The more net culture in Japan progresses, the more it becomes clearer that anonymity is its underlying principle. Even in the face of possible fame and fortune, amateur writers are finding it more helpful to hide real identities in order to reap in the benefits of building fantastical realities for mass empathy. The masses of readers are more likely to tolerate terrible writing, melodramatic clichés, and incredulous stories of sex and death on the assumption that they are first-hand accounts. The Internet has made the narrative behind the “success” of a creative work as important as the narrative contained the work itself. Breaking Mika’s anonymity in the case of Koizora would ruin both.

This article originally appeared on the Diamond Agency blog clast.

Girls From Good Families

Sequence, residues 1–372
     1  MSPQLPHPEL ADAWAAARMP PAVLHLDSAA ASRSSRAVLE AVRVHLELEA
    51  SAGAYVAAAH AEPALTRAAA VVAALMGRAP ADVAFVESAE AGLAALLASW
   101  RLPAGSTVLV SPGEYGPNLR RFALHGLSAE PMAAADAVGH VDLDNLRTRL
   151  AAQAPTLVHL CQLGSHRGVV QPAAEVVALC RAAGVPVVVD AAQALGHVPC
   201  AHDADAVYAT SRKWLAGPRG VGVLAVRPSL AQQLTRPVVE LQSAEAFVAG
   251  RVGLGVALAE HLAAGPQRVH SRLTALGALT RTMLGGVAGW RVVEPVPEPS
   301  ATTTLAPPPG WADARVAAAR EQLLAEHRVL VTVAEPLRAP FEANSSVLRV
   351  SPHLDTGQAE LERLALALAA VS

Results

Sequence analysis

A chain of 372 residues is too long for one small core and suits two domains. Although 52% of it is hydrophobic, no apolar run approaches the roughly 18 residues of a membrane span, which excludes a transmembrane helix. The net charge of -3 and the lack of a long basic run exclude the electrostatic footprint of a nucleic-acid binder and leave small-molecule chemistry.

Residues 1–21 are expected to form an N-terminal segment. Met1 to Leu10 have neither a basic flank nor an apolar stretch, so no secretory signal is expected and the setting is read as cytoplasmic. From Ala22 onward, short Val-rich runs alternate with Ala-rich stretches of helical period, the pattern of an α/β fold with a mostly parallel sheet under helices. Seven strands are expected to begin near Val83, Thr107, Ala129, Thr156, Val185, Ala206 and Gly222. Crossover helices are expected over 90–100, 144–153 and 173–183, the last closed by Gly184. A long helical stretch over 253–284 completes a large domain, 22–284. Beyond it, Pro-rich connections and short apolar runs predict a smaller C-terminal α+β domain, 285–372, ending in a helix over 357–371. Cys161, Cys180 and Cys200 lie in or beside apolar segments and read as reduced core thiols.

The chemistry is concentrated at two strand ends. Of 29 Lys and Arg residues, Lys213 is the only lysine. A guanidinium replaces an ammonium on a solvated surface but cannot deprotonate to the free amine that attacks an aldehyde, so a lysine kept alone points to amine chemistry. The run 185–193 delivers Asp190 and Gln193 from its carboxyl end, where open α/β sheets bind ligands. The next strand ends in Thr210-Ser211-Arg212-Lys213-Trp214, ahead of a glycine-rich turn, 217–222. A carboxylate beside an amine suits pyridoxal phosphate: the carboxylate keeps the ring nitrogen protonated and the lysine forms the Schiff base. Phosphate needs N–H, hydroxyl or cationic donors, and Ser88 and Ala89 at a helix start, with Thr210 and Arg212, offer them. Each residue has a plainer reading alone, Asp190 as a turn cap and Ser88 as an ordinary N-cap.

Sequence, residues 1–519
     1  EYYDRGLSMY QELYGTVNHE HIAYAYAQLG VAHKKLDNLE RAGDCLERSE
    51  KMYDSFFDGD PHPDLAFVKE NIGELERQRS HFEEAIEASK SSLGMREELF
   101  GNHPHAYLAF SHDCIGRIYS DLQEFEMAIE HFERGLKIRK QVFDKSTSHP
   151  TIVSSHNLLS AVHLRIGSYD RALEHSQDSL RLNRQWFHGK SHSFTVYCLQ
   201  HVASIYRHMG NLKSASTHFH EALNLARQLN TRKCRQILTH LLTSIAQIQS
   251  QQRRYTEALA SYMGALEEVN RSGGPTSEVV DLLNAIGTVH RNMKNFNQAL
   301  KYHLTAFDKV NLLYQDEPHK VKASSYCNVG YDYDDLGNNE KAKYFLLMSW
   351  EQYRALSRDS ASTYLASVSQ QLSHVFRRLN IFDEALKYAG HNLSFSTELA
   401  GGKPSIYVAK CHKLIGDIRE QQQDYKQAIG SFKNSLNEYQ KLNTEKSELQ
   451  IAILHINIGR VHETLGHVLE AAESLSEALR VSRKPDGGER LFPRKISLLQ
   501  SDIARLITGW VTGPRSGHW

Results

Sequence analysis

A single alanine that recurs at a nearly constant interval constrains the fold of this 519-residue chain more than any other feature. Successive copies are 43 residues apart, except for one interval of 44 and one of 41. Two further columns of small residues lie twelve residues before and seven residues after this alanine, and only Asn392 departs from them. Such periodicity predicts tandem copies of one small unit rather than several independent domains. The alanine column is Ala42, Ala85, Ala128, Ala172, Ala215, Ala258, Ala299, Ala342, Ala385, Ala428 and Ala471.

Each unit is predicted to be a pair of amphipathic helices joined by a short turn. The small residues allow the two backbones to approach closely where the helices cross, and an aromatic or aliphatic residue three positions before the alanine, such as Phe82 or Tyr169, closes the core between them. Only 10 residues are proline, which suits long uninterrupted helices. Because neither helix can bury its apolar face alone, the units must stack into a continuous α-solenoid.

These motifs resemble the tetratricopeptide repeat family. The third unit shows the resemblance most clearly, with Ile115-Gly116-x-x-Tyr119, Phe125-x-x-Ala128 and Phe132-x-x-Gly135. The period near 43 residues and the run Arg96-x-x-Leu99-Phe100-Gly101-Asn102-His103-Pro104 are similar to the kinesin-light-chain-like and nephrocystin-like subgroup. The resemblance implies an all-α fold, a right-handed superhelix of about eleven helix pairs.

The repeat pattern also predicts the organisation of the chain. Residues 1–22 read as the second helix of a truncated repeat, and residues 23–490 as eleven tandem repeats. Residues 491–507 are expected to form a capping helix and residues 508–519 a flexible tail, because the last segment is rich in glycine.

November 8th, 2007

On November 17, popular Japanese lingerie company Peach John will open a shop within the flagship Shinjuku branch of esteemed department store Isetan. In the last decade, PJ has made a dramatic transformation from a small outfit importing American bras to a catalog sales giant with 20 locations in brick-and-mortar stores. Moving up to Isetan seems like a natural progression for the burgeoning brand, but this will not be just “another store.” The language of Peach John’s latest venture hints at a new direction for the company, and more broadly, an intriguing trend in Japanese marketing.

According to the November 6th Senken Shimbun story 「ピーチ・ジョンが伊勢丹本店に出店」, the name of Peach John’s project for Isetan is “Girls from Good Families” — spelled out in katakana 「ガールズ・フロム・グッド・ファミリー」. Senken “translates” this Japanese-scripted English into more standard Japanese as「良家の子女」.